I wanted to return to the example we were considering in class today, before too much time passes and we forget where we were.

Recall, we were trying to evaluate the integral \int \frac{\sqrt{x^2-9}}{x}dx. To do so, we tried making a substitution where x = 3 \sec(\theta). In order to make this substitution, we used x = 3 \sec(\theta) to create a dictionary that would take us from an integral in terms of x to an integral in terms of \theta.

We saw that if x = 3 \sec(\theta), then (after a little work) \sqrt{x^2-9} = 3 \tan(\theta) and dx = 3 \sec(\theta) \tan(\theta)d \theta.

This means that \int \frac{\sqrt{x^2-9}}{x}dx = \int \frac{3 \tan(\theta)}{3\sec(\theta)}3\sec(\theta)\tan(\theta)d\theta.

After simplifying, this is equal to 3\int \tan^2(\theta)d\theta.

This is how far we got in class. The point is that this is an integral we know how to evaluate.

To continue, 3\int \tan^2(\theta)\d\theta = 3 \int(\sec^2(\theta) - 1)d\theta = 3(\tan(\theta) - \theta) + C.

To finish, we have to go back to our dictionary to write our answer in terms of x instead of \theta. Remember, x = 3 \sec(\theta), which means that \frac{x}{3} = \sec(\theta). We have a \theta to replace AND a \tan(\theta) to replace.

To replace the \tan(\theta) we don’t have to get \theta by itself. We use \frac{x}{3} = \sec(\theta) to label the sides of a right triangle. Draw a right triangle and label one of the acute angles by \theta. Since \sec(\theta) is defined as the length of the hypotenuse over the length of the adjacent side, we can label the hypotenuse by x and the side adjacent to \theta by 3. We can use the Pythagorean theorem to find the length of the side opposite to \theta: it’s \sqrt{x^2-3}. Then the \tan(\theta) term in our answer is opposite over adjacent, which is \frac{\sqrt{x^2-3}}{3}.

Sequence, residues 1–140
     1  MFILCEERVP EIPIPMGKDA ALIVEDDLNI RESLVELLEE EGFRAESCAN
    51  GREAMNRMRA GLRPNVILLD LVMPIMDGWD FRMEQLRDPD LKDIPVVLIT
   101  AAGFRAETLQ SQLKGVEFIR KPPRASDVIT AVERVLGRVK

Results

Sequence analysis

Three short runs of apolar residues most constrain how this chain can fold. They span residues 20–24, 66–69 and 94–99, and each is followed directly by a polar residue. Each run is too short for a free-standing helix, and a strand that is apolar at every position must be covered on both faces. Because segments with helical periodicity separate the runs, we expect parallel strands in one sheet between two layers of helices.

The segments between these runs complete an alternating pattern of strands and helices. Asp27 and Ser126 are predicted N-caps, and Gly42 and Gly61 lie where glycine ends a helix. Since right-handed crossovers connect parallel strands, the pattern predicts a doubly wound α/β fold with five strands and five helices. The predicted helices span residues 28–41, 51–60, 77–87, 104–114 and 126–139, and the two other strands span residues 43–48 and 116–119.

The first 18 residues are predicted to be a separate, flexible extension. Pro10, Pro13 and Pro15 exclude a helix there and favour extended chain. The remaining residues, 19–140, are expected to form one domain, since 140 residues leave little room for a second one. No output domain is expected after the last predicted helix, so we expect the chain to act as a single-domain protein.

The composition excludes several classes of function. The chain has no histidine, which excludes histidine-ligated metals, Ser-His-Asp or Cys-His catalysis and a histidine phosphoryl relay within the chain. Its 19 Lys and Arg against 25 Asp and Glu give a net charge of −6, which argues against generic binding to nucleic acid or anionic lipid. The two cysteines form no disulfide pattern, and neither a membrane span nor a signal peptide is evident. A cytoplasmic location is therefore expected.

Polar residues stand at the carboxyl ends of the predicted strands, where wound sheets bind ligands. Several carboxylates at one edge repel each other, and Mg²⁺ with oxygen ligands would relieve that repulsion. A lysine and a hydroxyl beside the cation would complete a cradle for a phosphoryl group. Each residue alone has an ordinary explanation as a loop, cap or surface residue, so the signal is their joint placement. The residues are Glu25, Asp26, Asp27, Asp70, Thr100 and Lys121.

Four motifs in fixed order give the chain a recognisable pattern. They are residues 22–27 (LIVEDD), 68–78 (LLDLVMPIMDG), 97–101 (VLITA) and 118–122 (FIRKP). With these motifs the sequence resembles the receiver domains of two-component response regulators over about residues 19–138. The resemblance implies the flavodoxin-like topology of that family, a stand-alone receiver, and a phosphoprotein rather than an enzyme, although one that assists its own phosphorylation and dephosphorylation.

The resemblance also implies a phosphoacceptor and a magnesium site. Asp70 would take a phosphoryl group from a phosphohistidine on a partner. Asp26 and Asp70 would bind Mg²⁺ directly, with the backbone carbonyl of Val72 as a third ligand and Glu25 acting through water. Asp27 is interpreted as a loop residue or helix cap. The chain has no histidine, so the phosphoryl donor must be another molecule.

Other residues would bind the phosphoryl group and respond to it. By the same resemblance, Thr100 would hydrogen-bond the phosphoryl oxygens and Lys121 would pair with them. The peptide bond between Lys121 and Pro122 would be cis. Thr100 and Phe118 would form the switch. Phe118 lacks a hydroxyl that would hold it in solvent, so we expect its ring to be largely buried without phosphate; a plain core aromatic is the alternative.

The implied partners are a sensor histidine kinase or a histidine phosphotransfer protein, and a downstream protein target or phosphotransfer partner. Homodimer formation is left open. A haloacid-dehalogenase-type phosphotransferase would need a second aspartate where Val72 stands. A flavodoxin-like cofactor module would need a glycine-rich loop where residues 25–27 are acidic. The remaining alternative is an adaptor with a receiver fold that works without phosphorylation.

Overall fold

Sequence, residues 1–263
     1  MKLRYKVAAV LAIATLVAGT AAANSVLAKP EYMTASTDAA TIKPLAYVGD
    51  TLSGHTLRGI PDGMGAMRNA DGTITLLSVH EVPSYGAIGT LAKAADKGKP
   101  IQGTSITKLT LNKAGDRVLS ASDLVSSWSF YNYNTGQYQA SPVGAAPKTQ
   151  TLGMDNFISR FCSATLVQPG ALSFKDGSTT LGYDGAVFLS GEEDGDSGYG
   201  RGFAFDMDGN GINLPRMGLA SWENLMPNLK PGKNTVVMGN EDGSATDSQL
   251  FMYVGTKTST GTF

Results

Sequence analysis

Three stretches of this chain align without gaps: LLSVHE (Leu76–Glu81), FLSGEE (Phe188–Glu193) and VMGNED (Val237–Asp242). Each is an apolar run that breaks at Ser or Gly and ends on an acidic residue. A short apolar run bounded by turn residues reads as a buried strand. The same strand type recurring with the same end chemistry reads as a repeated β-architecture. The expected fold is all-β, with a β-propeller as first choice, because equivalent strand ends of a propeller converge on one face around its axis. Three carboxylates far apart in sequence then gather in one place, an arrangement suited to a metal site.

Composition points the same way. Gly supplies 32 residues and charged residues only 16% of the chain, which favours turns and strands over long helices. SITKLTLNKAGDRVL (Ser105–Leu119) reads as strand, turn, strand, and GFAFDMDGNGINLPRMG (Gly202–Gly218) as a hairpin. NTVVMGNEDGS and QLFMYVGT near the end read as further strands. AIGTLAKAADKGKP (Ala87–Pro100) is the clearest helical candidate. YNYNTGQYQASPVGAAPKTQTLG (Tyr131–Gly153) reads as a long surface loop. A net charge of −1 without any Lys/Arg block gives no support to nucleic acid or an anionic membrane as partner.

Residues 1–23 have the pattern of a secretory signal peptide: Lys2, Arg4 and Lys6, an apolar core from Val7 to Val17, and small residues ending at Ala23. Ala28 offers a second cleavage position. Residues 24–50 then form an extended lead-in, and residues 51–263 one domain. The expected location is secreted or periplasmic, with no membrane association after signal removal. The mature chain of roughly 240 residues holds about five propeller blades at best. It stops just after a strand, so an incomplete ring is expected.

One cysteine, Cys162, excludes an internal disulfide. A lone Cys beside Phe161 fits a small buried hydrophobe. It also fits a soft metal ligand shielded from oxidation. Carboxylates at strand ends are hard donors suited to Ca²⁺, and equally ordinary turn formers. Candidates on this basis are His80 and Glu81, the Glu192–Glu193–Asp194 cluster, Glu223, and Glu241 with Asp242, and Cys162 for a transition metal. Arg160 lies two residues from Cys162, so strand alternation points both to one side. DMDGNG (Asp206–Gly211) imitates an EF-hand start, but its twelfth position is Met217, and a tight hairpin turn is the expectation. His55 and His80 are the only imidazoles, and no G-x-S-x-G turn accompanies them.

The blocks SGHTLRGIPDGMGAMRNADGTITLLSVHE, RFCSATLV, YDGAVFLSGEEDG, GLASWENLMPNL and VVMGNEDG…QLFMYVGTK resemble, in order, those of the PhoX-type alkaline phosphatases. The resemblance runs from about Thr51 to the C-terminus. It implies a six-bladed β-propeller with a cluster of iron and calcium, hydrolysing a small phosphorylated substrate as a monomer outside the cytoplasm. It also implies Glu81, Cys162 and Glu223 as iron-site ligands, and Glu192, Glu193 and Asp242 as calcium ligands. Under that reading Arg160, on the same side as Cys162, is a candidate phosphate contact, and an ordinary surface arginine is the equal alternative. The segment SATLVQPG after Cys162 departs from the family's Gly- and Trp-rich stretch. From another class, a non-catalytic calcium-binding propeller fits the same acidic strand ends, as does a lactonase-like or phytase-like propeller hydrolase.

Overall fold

To replace \theta we do have to get \theta by itself. We apply \sec^{-1} to both sides of the equation \frac{x}{3} = \sec(\theta) to get \sec^{-1}(\frac{x}{3}) = \theta.

This means our final answer is:

\int \frac{\sqrt{x^2-9}}{x}dx = 3(\tan(\theta) - \theta) + C = 3(\frac{\sqrt{x^2-3}}{3} -  \sec^{-1}(\frac{x}{3})) + C  = \sqrt{x^2-3} - 3\sec^{-1}(\frac{x}{3}) + C.


A few people asked during class, “Where does x = 3 \sec(\theta) come from?” That’s a tricky question to answer, because it doesn’t really *come from* anywhere. But we see from this example, that by making this substitution, we’re able to evaluate the integral. In some sense it *comes from* the Pythagorean identity \tan^2(\theta) = \sec^2(\theta) - 1.

In general, to make a trigonometric substitution:

  • if you see x^2 - a^2 let x=a\sec(\theta),
  • if you see a^2 - x^2 let x=a\sin(\theta),
  • if you see x^2 + a^2 let x=a\tan(\theta).

This should be enough for you to get a solid start on the Trigonometric Substitution Webwork set, which is due on March 1.